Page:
The Sportage SX spec is an appreciable jump over the base model S. It’s not as though the S is a bare-bones hack, either, sporting an identical safety package to the higher models.
The car I had was the SX petrol automatic starting at a neat $37,000 before on-road costs, two and a half large over the S automatic. Both S and SX are available with a manual transmission for an equally neat $2000 less.
You get 18-inch alloys, a six-speaker stereo, dual-zone climate control, reversing camera, keyless entry, front and rear parking sensors, adaptive cruise control, automatic LED headlights, sat-nav, heated windscreen, leather wheel and shifter, powered heated and folding mirrors, auto wipers and a full-size spare.
Annoyingly, only white is free, the other five colours (Steel Grey, Gravity Grey, Vestra Blue, Dawning Red and Fusion Black) are $520 extra. Not a huge amount but not cheap either.
All variants of the new Kia Sportage come with a five-star ANCAP crash safety rating.
The huge safety package features seven airbags (including a front centre airbag to save you from head clashes in a side impact), the usual traction and stability controls, forward and reverse auto emergency braking, reverse cross-traffic alert, lane departure warning, lane-keep assist, lane following assist, blind-spot monitoring, exit warning and speed sign recognition.
A bunch of the cleverer safety features are not available on the manual, however.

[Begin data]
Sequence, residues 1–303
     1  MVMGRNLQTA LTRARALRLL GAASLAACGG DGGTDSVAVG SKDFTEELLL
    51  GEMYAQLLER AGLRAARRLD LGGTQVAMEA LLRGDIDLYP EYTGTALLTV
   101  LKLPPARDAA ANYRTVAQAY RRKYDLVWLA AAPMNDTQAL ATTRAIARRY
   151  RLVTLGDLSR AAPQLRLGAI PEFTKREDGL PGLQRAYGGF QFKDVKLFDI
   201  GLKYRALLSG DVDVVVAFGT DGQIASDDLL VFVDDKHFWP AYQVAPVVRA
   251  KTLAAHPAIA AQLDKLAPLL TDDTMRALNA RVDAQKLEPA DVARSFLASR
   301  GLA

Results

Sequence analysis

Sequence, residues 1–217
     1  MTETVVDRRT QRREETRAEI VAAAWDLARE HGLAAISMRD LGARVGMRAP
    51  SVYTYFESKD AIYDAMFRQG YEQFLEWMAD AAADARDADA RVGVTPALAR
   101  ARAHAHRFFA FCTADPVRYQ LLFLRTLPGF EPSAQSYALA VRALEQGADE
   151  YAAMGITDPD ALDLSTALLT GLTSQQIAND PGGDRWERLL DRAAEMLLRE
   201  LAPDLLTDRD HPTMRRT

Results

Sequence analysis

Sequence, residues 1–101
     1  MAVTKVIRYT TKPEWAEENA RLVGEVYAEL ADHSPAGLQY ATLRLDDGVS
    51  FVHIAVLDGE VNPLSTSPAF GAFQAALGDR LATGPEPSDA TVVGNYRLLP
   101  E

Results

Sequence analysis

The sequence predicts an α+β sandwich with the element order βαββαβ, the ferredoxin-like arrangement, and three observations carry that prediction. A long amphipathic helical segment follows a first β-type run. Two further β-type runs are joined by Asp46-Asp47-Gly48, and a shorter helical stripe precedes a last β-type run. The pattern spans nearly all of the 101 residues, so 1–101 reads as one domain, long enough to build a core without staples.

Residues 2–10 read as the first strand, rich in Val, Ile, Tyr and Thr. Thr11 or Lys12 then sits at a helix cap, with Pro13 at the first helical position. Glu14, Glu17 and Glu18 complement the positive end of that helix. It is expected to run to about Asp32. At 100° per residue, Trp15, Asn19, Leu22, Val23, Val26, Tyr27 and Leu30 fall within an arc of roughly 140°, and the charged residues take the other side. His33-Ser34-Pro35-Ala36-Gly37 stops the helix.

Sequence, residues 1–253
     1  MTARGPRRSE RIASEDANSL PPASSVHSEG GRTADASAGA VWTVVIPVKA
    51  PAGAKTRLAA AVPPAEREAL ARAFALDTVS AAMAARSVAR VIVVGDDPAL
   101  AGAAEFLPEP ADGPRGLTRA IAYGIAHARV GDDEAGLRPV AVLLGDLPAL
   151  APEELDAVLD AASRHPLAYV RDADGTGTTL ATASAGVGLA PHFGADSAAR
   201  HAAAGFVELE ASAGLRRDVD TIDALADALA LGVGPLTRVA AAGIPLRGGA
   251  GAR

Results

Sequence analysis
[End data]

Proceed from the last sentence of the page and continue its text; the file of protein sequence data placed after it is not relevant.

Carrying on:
For the kiddies, there are two ISOFIX points and three top tether anchors.
Comfort and space
As has become the norm with Korean SUVs, the lower end of the range sports a different cabin design, at least in the front. You’ll have the upgraded 12.3-inch touchscreen (the S has the 8.0-inch unit). It’s massive, quite nice to use and is paired with a digital dashboard that is simpler than the GT-Line’s. It’s quite clear and easy to decipher and still changes theme when you change drive modes.
There is also a traditional T-bar shifter and from the pictures, you’ll notice it’s very traditional. I kind of like it, a bit of a retro moment in a very tech-forward cabin.
The cloth seats are very comfortable and supportive in the front, too, and I’m That Guy who very often prefers the textile upholstery for both look and feel.
You also get two cup holders and bottle holders in the doors, space for your phone under the screen and a generous console bin.